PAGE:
The tools consisted of five parts: part one assessed the sociodemographic information of the study participants (ie, age, sex, residence, religion, educational status, marital status, and average monthly income); part two contained disease and treatment-related questions (ie, how long since diagnosed with DM, duration on antidiabetic medication, current medication taken and other comorbidities present); parts three, four, and five included questions related to knowledge, attitude and diabetes self-care practice, respectively. Data were collected through direct interview by three trained nurses and one supervisor.

Knowledge Attitude and Practice (KAP) Scoring

A total of 11 items were included in the knowledge section which assessed patient’s awareness about diabetes self-care (importance and frequency of foot care, importance and frequency of eye clinic visit and physical activity). For the 11-item knowledge questions, the maximum attainable score was “11“ and the minimum score was “0”.

Likewise, in the attitude section, a total of seven items were included which consisted of respondents attitude toward diabetes self-care in a five-point Likert scale response options (strongly disagree, disagree, neutral, agree, and strongly agree) scored from one to five. Each scale response were summed and divided by the total number of items (seven) to generate subscale scores. Respondents with subscale score above or equal to the average were considered to have a positive attitude.

In the same fashion, 11 self-care practice-related questions covering diet, physical activity, blood glucose testing, foot care, medication, smoking, and alcohol consumption were provided to patients. Responses were Yes/No with maximum attainable score of 11 and the minimum score of 0. The combined level of knowledge, attitude and practice (KAP) was classified according to each respondent’s score. Good knowledge, positive attitude, and good self-care practice corresponded to a score greater than or equal to the mean of each variables, while Poor knowledge, negative attitude and poor self care practice corresponded to a score less than the mean of each variables.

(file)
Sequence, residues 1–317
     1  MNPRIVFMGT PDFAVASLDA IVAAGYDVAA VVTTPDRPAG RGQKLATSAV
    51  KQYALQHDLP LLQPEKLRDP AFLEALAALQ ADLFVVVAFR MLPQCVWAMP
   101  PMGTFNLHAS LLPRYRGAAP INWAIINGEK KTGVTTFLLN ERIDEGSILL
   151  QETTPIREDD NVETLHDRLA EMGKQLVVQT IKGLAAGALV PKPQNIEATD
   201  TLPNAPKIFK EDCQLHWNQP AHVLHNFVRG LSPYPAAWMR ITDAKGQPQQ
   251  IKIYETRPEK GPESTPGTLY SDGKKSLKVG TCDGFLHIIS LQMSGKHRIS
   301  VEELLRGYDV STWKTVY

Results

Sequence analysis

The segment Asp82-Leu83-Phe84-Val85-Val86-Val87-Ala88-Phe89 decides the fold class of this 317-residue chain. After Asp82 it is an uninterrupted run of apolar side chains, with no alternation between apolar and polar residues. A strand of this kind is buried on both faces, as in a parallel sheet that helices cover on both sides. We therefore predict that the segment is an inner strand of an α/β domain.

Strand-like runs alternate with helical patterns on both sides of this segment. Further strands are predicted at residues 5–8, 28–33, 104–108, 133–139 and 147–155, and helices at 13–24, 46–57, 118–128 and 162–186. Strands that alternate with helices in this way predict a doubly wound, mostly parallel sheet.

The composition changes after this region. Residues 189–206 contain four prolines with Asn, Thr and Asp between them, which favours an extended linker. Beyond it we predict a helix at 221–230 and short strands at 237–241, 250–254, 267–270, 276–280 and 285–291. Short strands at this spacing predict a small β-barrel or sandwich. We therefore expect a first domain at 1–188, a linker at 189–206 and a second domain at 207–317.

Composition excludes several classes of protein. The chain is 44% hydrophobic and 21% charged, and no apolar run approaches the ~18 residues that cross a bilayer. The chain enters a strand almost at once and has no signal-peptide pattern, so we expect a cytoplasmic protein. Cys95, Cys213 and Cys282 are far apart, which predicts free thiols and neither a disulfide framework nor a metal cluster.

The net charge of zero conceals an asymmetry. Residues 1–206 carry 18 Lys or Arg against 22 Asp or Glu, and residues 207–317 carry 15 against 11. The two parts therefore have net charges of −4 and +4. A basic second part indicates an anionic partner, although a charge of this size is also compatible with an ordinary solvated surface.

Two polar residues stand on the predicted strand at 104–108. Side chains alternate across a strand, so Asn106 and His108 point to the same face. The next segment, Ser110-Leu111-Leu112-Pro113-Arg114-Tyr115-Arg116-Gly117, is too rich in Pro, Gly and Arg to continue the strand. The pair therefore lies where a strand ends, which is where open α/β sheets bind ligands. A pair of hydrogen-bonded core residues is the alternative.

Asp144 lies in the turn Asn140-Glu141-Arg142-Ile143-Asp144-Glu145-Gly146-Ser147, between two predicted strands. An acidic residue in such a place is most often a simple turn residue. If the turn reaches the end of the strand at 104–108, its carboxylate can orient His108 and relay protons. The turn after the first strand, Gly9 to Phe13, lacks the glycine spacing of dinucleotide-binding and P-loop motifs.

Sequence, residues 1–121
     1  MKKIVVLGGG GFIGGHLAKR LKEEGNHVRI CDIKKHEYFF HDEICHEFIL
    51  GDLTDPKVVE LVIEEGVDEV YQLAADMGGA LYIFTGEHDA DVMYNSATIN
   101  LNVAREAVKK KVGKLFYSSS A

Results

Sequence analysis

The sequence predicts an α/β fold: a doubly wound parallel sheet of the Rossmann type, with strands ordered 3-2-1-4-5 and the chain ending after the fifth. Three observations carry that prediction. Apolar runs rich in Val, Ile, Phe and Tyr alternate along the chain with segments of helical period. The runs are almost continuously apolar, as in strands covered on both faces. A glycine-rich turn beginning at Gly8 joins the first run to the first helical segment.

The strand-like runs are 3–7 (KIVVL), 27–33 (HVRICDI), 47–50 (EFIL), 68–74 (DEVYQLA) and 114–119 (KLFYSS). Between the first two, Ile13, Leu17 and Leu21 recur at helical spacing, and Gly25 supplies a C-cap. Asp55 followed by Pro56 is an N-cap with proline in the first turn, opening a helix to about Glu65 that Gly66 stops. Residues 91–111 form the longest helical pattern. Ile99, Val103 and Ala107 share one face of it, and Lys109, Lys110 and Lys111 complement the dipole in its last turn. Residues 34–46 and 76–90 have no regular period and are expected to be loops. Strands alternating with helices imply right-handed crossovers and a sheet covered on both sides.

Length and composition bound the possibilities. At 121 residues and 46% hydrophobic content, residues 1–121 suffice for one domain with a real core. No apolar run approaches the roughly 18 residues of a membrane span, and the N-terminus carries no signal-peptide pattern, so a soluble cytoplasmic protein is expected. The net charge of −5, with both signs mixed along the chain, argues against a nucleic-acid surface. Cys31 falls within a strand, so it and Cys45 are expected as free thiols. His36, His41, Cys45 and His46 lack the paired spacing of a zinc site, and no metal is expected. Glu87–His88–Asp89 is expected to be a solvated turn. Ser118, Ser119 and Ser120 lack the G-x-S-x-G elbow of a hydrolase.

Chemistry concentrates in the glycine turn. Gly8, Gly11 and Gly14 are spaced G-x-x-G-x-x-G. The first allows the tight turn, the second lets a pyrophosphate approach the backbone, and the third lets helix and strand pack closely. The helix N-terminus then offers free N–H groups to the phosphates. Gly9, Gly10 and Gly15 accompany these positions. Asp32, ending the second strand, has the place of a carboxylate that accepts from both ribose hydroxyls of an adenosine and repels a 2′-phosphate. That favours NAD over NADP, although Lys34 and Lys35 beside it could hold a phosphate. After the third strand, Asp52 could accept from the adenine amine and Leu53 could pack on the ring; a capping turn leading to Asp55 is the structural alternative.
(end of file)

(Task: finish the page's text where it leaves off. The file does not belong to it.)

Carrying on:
Data Quality Assurance

The quality of data was assured by properly designing the tool, and the questionnaire was pretested in JMC, and important modifications were made prior to the actual data collection. A two-day training was provided to the data collectors on the data collection tool, how to ask questions, and the way of approaching respondents. The collected data were checked carefully on a daily basis for completeness, accuracy, and clarity by a supervisor, and the principal investigators monitored the overall activities of data collection.

Data Analysis

Data was coded, entered and analyzed using SPSS version 20. Binomial and multivariate logistic regression analysis was done to identify factors affecting knowledge, attitude and practice of self-care. In all analyses a p-value of <0.05 (two-tailed test) was considered as criterion of statistical significance.

Variables

Dependent Variables

Knowledge level, attitude and practice status toward diabetes self-care

Independent Variables

Demographic characteristics: age, sex, religion, educational status, marital status, residential place and monthly income. Clinical characteristic: duration of DM, comorbidity and treatment modalities

Results

Demographic Characteristics of Participants

Sociodemographic characteristics of the study participants are depicted in Table 1. All of the 371 T2DM patients selected for the interviews were willing, giving a response rate of 100%. More than half, 201 (54.2%) of the study participants were male. Most of the respondents 131 (35.31%) were in the age group of above 60 years. More than half, 203 (54.7%) of the study participants were Muslim religion followers and the majority were married, 253 (68.2%). With regard to education status, one-third of the study participants 124 (33.4%) had primary education, while one quarter, 93 (25.10%) had no formal education and nearly half, 171 (46.09%) of them secure an average monthly income of 1000–3000 ETB.

Table 1 Demographic Characteristics of Participants with T2DM on Follow-up at JMC, 2019 (n=371)